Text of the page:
Saturday, August 23, 2014

Did you know this about life expectancy?

This graph is from an article in The Economist which says:

Despite fears that obesity and global warming would reverse the trend, life expectancy in rich countries has grown steadily, by about 2.5 years a decade, or 15 minutes every hour (see chart).
We expect life expectancy to increase as child survival improves, maternal mortality drops and as the medical profession learns to prolong life for those suffering from one disease after another. Remember, life expectancy is based on mortality rates at the moment of estimation. So it is not surprising that in 1970 experts predicted that life expectancy would increase from its value at the time in a relatively linear fashion to more than 72 years by 2000. (They were far too conservative.)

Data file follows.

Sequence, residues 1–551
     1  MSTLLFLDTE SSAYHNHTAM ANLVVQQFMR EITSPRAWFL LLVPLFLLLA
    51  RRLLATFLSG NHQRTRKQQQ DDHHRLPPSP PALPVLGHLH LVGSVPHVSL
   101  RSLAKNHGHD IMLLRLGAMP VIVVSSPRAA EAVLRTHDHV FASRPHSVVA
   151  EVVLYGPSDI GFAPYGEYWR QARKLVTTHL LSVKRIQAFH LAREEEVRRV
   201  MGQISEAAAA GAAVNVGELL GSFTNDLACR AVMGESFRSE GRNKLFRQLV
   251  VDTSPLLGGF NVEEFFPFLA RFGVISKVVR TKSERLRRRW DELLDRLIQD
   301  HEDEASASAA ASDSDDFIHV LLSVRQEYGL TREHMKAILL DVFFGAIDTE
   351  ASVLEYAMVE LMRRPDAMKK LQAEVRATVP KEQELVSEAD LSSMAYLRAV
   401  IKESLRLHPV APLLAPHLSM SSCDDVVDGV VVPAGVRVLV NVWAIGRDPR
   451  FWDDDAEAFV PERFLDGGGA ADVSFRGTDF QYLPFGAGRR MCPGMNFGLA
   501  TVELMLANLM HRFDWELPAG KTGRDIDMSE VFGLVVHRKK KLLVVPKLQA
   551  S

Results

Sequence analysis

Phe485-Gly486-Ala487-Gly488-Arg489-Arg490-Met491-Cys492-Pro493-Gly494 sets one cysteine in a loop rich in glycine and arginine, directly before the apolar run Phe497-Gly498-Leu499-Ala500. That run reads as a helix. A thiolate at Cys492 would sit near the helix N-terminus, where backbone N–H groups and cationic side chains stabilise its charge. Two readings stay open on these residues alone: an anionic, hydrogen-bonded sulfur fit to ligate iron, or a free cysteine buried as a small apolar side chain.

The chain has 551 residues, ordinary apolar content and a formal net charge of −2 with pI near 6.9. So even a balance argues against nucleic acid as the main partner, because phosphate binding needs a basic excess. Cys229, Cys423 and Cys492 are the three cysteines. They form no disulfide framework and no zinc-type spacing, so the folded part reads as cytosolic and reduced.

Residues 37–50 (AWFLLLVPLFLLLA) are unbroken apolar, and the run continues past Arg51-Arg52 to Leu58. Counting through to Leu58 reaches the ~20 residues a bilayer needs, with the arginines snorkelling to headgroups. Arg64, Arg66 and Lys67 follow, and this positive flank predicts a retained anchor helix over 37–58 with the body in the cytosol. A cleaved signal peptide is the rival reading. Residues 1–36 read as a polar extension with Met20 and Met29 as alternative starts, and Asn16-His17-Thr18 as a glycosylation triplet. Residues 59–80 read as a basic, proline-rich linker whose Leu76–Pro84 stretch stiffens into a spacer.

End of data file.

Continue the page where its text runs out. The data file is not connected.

In subsequent years, starting from the year in which each estimate was made, that estimate continued to project improvements in life expectancy. Of course, the starting points of the annual estimates tracked the actual increases in life expectancy.

The data in the United States are similar to those in Britain (although not as good) and other developed nations. The fact that life expectancy has improved by 2.5 years per decade for a century is both amazing and wonderful. I think that can not continue indefinitely; the graphs agree with me that the rate of extension of life expectancy tends to trail off in the out years.

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